Sunday, April 7, 2013

Shaun of the Screwed

Shaun of the Dead was a successful example of the Zom Rom Com genre. It mixes up the horror elements from traditional zombie films and comedic elements from screwball comedies perfectly. It is quite a refreshing viewing experience after watching Night of the Living Dead, the landmark of traditional zombie horror film.

Shaun of the Dead borrows many zombie film conventions in order to make up the zombie aspect in it. First of all, the design of the zombies: everyone who has seen an zombie movie can tell these slowly moving creatures on the streets are zombies. They have the same character traits as the ones in Romero’s Night of the Living Dead- they look like normal citizens, and they all long for the taste of flesh. Dianne’s character describes zombie’s character like such in the film, “it’s vacant, with a hint of sadness. Like a drunk who’s lost a bet”. Another important argument in Shaun of the Dead reminiscent the plot of Night of the Living Dead. Mom and Dad who are normal humans, turn into Zombies. The difficult choice Shaun has to make in the pub is similar to the choice the mom in Night of the Living Dead, the one that she has to kill her daughter, which she chooses not to contrast to Shaun, who pulls the trigger at the end.

Shaun of the Dead’s comedic aspect is different from the traditional screwball comedies. Screwball comedies’ comedy is usually pulled off the plot, acting, and characters, while some of the comedic element comes from the modern camera moves and sound effects. However, the plot and character design comes a lot from screwball comedies. Compared to the screwball comedy classic, Some Like It Hot, they share a lot of similarities. First, the character designs, the protagonist Shaun has a friend, or, rather, a close buddy named Ed. They go through the journey together just like Joe and Jerry do. Their friendship is as deep as that of Joe and Jerry, and they share same kind of intimateness between the two. Second, the female character, Liz, in some aspects is like Sugar in Some Like It Hot. Though she has more of the bitchiness than that of Sugar, they are both the central figures who draws the storyline forward: Liz is Shaun’s girlfriend and Shaun needs to protect her from zombies on their journey, while Sugar is in the center of the love triangle with Joe and Jerry.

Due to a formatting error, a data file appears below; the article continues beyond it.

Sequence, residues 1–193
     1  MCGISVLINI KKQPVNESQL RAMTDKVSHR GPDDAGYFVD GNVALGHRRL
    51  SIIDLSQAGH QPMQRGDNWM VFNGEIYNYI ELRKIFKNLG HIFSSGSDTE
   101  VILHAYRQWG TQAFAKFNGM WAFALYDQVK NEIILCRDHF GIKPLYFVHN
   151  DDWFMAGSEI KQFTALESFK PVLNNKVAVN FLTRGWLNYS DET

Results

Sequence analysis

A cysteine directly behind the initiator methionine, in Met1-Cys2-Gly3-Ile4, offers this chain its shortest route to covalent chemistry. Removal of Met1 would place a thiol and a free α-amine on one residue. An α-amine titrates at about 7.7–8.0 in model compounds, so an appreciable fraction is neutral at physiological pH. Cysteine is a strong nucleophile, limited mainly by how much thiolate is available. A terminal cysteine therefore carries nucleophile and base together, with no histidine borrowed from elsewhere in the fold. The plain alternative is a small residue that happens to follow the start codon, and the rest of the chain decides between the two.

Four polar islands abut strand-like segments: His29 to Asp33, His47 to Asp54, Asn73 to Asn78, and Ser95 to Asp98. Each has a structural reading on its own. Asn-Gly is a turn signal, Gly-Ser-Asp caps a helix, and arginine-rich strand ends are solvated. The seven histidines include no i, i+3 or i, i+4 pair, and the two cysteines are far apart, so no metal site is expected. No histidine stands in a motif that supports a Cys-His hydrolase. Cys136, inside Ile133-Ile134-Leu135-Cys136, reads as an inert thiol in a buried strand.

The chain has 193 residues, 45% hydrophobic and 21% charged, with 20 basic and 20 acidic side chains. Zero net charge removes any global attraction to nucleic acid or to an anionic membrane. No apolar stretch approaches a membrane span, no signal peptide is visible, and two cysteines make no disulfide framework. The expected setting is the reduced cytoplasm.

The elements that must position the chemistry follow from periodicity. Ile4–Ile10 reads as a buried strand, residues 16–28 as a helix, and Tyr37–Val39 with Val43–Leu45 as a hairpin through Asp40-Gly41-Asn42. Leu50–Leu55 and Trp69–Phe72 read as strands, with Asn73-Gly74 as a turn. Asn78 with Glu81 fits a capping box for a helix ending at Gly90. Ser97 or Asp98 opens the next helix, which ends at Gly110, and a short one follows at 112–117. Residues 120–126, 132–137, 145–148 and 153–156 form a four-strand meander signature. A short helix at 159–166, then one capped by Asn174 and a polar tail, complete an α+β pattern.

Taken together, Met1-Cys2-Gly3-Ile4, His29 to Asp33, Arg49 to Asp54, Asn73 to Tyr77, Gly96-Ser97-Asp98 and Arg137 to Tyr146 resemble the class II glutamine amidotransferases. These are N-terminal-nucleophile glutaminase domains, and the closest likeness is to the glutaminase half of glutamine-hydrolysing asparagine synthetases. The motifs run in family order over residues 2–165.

"with a hint of sadness?" No! With a hint of weakness!
As cinema goes more and more into the modern age, newer-age audience can get tired of tradition cinematic conventions. That makes mixed-genre film much more attractive. Shaun of the Dead is a good, successful example for the mixed genre films.

"I'm quite mixed up!"


  1. Clarify- Pig? Roasting pig? Oh Mida.... Other than that
    Value- All the points are very clear and very good. I didn't really think about the relationship/dynamic between the two guys in both films.